Second, macroeconomic events. Wage growth remains sluggish while there are upside pressures on inflation and interest rates. Meanwhile rising costs of living remain a matter of concern. All of these put pressure on the consumer to constrain spending and by extension housing market confidence.
Third, affordability. Affordability of rents across all ages and access to mortgage finance for younger people are a worry.
Finally, quality. There are fewer housebuilders following the credit crunch, but those builders have expanded to meet the same housing numbers that a larger number of players were meeting before it. Not for all, but for some, the rapid expansion has been at the expense of best levels of quality control, and some dubious practices over leaseholds. The Lords started its year by exploring this quality control issue, and how it has impacted new purchasers. It is important that housebuilders maintain high standards of homes, as well as simply increasing numbers.
It will be vital to mitigate these risks so that homes continue to be built in line with the needs of the nation and become more affordable. So what needs to happen?
We have to improve infrastructure as well as administration systems to monitor housing delivery in real time. Utility companies should be forced to be reliable and transparent on pricing. With mediators and arbitrators, the delivery process can be smoothed, especially for smaller builders. The Government needs to make housing a specific national infrastructure priority. Right now, a whole host of things are said to be top infrastructure priorities. Yet, remarkably, housing the nation is not among them. This needs to change. The Government must not only take housing infrastructure seriously, it must be seen to do so.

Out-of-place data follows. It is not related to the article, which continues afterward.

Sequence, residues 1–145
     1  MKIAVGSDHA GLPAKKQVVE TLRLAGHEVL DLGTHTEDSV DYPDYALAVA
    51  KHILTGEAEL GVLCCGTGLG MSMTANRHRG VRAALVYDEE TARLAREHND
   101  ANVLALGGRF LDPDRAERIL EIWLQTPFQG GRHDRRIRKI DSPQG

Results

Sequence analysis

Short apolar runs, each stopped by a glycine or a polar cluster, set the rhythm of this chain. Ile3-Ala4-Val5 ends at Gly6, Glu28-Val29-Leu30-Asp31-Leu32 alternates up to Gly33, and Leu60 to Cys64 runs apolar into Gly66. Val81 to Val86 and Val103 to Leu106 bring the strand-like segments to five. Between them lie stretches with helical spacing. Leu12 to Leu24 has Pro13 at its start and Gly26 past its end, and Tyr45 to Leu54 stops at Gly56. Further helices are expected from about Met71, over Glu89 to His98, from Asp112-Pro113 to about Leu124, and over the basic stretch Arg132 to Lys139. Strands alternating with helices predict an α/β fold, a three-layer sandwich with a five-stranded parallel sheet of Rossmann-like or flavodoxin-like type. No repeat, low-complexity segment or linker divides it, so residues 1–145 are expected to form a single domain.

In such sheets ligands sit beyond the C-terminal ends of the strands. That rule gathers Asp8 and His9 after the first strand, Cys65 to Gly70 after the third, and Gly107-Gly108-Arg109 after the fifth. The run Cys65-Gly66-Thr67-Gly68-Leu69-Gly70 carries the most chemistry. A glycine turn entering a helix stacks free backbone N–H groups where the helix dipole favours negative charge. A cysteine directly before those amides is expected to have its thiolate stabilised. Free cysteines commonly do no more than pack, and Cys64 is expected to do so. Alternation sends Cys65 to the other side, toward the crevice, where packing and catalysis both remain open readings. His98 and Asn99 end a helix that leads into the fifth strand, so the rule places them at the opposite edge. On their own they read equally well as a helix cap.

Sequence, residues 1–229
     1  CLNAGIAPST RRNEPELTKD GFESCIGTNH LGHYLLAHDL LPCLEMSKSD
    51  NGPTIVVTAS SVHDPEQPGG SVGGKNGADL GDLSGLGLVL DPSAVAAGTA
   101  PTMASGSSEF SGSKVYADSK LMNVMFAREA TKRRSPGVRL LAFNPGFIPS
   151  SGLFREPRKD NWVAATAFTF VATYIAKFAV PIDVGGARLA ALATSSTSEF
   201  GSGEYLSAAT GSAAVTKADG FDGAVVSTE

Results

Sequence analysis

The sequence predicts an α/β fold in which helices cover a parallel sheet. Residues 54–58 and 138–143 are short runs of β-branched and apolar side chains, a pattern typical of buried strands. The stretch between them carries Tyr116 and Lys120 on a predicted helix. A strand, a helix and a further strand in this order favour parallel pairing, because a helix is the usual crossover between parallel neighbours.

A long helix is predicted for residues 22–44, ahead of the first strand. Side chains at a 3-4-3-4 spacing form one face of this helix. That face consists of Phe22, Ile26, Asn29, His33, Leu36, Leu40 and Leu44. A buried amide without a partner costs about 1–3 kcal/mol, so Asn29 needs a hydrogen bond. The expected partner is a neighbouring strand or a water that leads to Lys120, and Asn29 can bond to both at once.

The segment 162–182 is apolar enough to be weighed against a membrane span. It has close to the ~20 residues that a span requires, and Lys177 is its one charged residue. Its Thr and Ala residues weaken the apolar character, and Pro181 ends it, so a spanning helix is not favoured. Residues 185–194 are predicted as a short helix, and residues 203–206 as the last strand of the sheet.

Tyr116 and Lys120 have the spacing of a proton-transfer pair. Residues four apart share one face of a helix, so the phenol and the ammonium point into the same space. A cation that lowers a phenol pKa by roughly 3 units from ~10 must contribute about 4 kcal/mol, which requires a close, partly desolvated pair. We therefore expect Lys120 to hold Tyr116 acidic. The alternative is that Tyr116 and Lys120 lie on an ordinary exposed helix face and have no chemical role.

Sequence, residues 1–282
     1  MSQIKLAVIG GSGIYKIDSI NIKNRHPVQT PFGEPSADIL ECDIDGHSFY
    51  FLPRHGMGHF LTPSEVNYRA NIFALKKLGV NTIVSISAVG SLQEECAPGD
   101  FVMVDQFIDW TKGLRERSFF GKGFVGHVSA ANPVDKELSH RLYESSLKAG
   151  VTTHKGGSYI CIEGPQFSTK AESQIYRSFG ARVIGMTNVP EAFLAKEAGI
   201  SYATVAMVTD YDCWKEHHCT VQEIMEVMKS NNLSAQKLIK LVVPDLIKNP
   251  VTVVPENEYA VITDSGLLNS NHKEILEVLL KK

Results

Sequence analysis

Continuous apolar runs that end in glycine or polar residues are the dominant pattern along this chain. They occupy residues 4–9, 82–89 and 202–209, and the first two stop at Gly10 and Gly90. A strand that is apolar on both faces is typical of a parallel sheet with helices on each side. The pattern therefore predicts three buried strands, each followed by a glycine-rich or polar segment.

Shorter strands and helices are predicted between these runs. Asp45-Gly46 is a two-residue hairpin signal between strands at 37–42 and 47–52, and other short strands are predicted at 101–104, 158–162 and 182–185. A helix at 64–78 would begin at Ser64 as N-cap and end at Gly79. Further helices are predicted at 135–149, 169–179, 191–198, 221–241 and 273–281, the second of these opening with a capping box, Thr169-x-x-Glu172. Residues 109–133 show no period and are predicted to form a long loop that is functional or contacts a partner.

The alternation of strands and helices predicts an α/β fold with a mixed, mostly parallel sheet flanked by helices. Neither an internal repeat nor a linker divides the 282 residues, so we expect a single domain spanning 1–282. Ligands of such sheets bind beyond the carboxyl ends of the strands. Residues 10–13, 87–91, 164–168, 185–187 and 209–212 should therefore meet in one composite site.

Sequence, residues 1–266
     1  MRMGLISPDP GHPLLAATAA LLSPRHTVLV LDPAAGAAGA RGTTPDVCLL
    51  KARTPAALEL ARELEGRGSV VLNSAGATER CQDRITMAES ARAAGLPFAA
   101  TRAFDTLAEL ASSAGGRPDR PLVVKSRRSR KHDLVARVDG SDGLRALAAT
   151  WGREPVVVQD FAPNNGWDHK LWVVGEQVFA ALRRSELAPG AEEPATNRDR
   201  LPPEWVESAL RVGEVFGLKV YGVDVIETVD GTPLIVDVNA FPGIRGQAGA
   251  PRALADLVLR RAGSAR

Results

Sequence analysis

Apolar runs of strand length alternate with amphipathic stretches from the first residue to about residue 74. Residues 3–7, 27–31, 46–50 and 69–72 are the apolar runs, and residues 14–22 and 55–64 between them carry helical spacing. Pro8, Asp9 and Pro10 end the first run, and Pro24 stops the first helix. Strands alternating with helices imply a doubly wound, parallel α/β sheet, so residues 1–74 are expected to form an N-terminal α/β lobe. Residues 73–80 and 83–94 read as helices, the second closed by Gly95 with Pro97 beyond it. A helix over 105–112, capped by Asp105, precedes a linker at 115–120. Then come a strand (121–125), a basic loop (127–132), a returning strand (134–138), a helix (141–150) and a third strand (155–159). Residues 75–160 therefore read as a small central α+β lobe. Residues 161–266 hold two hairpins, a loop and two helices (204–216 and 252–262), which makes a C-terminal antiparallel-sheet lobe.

The Government also needs to continue to support housebuilders and ensure that quality and well as quantity is delivered. A firm focus on modular housing and state of the art manufacturing would boost productivity and help the Government to meet its housing targets while securing quality, consistency and affordability.
We also need a step-change in financing. To build 300,000 homes will need a lot more money – billions and billions of pounds. Public finance from government and councils is critical, and more could be done to unlock the potential from local authorities, but it is not enough for the scale of investment needed to support 300,000 homes every year. There is substantial finance capacity in the private finance markets and pensions funds seeking housing assets. Mortgage lenders have a strong appetite to lend, yet more needs to be done to help first time buyers. Whether it is housing associations, council or market housing, greater attention is required to bring public and private finance together to support housebuilding.
Dominic Raab, the new Housing Minister, faces a tough challenge in current market conditions as well as a tough target in 300,000 homes. This is set against a backdrop where the Prime Minister has raised the political stakes by making housing delivery her personal priority. So to succeed, the Government must activate the rocket boosters, adopt a radical new approach and then – and only then – will we see housebuilding at a rate last seen in England when Neil Armstrong made that giant leap for mankind 49 years ago.